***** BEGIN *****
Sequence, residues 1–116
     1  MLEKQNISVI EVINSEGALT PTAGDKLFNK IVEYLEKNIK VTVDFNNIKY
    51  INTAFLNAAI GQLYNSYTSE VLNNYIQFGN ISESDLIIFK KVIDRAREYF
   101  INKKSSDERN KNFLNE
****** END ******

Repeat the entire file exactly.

Sequence, residues 1–116
     1  MLEKQNISVI EVINSEGALT PTAGDKLFNK IVEYLEKNIK VTVDFNNIKY
    51  INTAFLNAAI GQLYNSYTSE VLNNYIQFGN ISESDLIIFK KVIDRAREYF
   101  INKKSSDERN KNFLNE